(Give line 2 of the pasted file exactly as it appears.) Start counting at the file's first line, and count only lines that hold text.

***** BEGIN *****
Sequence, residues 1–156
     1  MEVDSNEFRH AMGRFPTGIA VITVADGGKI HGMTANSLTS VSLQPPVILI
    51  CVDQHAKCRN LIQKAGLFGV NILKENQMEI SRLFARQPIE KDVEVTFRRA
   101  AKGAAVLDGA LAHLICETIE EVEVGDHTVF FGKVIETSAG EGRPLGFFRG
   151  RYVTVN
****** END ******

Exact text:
     1  MEVDSNEFRH AMGRFPTGIA VITVADGGKI HGMTANSLTS VSLQPPVILI